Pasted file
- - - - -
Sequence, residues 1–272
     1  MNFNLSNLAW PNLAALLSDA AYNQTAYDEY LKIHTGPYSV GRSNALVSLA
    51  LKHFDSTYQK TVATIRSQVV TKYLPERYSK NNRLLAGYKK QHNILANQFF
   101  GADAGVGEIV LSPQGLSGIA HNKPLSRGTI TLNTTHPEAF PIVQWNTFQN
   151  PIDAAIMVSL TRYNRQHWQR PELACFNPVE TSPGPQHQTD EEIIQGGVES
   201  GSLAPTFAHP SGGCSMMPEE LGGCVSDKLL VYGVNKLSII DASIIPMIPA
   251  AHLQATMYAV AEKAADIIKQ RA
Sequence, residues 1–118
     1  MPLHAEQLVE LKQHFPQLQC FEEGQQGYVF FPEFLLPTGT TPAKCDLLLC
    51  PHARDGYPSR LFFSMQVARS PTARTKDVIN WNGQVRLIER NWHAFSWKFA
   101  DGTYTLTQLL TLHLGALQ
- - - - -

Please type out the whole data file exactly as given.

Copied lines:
Sequence, residues 1–272
     1  MNFNLSNLAW PNLAALLSDA AYNQTAYDEY LKIHTGPYSV GRSNALVSLA
    51  LKHFDSTYQK TVATIRSQVV TKYLPERYSK NNRLLAGYKK QHNILANQFF
   101  GADAGVGEIV LSPQGLSGIA HNKPLSRGTI TLNTTHPEAF PIVQWNTFQN
   151  PIDAAIMVSL TRYNRQHWQR PELACFNPVE TSPGPQHQTD EEIIQGGVES
   201  GSLAPTFAHP SGGCSMMPEE LGGCVSDKLL VYGVNKLSII DASIIPMIPA
   251  AHLQATMYAV AEKAADIIKQ RA
Sequence, residues 1–118
     1  MPLHAEQLVE LKQHFPQLQC FEEGQQGYVF FPEFLLPTGT TPAKCDLLLC
    51  PHARDGYPSR LFFSMQVARS PTARTKDVIN WNGQVRLIER NWHAFSWKFA
   101  DGTYTLTQLL TLHLGALQ